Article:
Your winter excursions to London might mean enduring a very bumpy flight. Scientists from the United Kingdom have determined that climate change will lead to more virulent turbulence over the North Atlantic, costing comfort, jet fuel, and consequently raising fares.
A study published in the journal Nature Climate Change on Friday by scientists from Reading University, U.K. concluded that commercial aircraft will encounter progressively worse "clear-air" turbulence as atmospheric jet streams intensify. Clear air turbulence cannot be detected by pilots, instruments or satellites and poses a threat to aircraft and passenger safety.
Reading's Dr Paul Williams told BBC News that a bumpier air corridor could cause flights to be diverted to avoid dangerous winds, lengthening flight times and costing more fuel. "Fuel costs money, which airlines have to pay, and ultimately it could of course be passengers buying their tickets who see the prices go up," Williams told the BBC's Jonathan Amos.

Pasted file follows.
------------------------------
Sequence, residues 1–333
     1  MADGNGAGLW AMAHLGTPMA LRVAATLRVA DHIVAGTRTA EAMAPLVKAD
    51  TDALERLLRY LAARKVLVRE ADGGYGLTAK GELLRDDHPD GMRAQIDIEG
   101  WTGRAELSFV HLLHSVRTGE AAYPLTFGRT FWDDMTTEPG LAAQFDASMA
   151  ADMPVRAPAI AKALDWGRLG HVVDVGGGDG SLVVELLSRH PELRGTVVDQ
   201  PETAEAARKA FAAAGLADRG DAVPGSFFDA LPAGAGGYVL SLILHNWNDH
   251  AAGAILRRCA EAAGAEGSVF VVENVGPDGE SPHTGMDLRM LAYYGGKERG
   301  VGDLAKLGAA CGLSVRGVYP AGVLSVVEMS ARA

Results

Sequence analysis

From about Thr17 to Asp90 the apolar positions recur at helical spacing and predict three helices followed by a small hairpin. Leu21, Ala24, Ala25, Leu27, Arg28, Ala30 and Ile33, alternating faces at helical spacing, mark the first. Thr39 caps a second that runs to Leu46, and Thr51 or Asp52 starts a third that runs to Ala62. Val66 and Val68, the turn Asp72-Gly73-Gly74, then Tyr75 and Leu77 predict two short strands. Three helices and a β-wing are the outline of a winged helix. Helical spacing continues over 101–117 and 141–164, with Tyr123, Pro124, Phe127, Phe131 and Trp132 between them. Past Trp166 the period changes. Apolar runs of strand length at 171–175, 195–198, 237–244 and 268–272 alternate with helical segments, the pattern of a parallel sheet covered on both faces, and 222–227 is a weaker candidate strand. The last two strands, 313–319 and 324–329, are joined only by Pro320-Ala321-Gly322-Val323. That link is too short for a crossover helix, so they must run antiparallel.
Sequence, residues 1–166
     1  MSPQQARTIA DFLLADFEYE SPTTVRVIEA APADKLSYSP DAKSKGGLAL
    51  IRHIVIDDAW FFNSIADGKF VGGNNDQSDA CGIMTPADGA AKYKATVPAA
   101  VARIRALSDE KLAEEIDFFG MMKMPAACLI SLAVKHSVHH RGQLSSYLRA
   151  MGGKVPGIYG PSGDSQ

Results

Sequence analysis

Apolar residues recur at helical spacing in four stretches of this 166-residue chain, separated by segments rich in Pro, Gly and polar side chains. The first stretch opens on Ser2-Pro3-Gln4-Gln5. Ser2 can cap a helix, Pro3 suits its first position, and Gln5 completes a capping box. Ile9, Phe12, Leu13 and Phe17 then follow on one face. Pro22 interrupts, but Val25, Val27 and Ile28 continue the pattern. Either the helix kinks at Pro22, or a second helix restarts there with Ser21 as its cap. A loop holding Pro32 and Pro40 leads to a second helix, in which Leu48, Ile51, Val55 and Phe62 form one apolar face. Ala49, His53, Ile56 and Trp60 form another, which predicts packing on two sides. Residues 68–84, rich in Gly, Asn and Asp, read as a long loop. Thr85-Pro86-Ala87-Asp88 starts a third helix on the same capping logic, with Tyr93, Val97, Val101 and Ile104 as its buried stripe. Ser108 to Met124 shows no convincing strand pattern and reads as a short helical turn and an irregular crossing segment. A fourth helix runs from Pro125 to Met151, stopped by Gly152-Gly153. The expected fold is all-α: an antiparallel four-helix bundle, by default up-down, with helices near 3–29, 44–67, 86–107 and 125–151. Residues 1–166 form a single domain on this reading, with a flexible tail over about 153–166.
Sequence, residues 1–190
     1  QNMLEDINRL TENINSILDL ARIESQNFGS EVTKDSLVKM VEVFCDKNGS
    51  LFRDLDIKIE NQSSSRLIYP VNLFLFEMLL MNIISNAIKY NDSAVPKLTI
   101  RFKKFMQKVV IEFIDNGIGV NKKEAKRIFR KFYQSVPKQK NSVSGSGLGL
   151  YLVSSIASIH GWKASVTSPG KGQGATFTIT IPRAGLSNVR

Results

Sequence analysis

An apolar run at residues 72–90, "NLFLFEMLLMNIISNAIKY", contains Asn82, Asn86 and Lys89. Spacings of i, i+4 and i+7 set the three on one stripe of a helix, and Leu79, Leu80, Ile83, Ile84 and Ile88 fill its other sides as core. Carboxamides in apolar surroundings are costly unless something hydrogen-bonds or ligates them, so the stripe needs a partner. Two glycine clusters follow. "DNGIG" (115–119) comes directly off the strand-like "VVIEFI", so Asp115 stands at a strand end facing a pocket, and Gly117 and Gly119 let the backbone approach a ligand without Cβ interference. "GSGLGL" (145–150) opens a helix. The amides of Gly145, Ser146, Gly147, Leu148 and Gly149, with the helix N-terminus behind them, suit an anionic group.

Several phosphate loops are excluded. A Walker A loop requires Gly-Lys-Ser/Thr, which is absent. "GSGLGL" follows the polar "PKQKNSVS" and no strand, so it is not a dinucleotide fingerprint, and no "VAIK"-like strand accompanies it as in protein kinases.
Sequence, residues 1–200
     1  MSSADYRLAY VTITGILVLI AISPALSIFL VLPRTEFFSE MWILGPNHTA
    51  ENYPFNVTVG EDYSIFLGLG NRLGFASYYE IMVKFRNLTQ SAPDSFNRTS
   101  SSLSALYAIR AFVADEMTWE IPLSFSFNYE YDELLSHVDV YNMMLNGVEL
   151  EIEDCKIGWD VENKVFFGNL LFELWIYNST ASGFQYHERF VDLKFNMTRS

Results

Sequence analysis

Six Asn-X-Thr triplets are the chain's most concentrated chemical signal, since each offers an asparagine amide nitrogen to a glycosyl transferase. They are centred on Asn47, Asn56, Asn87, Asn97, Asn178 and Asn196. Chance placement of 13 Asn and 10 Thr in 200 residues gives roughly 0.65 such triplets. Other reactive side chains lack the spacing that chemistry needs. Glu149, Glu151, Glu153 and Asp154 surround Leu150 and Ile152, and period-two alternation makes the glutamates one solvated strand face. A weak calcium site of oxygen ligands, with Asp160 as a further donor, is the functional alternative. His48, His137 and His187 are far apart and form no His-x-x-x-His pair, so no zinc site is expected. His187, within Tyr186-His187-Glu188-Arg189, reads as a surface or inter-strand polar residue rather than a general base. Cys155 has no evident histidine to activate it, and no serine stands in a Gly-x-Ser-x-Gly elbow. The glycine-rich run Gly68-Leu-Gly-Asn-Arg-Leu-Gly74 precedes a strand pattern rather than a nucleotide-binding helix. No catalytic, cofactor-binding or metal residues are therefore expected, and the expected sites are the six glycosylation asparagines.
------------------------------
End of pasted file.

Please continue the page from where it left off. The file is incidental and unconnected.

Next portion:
The scientists used a super computer to project that clear-air turbulence would increase 10-40% in intensity and forecasted a "40-170% increase in the frequency of occurrence of moderate-or-greater turbulence," according to Nature. These effects of climate change could become reality by mid-century, the research suggested, and there's already been evidence that winds are blowing more strongly than in the past.
Incidents of moderate-or-greater turbulence that occur today already injure many hundreds of passengers and costs airlines tens of millions in U.S. dollars in fuel and structural damage to planes annually, the study said.